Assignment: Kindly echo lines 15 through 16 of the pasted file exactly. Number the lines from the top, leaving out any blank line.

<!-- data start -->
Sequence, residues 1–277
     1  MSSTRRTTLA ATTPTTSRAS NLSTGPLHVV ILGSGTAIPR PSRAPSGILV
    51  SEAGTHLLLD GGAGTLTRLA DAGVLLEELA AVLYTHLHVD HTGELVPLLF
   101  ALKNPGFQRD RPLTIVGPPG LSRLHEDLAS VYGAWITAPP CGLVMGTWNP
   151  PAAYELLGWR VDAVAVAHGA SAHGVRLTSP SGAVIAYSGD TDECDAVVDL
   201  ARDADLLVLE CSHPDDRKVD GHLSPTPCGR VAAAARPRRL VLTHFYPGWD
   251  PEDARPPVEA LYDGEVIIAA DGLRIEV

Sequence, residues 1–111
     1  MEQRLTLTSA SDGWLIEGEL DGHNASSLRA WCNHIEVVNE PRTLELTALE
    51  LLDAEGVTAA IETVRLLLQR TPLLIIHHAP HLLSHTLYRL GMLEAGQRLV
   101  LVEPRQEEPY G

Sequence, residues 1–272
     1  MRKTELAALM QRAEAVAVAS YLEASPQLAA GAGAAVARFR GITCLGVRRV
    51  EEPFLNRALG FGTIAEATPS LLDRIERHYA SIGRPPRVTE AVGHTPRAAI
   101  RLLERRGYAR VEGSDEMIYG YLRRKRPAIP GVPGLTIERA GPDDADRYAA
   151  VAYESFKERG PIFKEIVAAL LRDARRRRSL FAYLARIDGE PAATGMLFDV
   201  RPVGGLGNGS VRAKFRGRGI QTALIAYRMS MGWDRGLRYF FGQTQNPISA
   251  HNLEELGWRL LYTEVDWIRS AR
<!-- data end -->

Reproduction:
   101  RLLERRGYAR VEGSDEMIYG YLRRKRPAIP GVPGLTIERA GPDDADRYAA
   151  VAYESFKERG PIFKEIVAAL LRDARRRRSL FAYLARIDGE PAATGMLFDV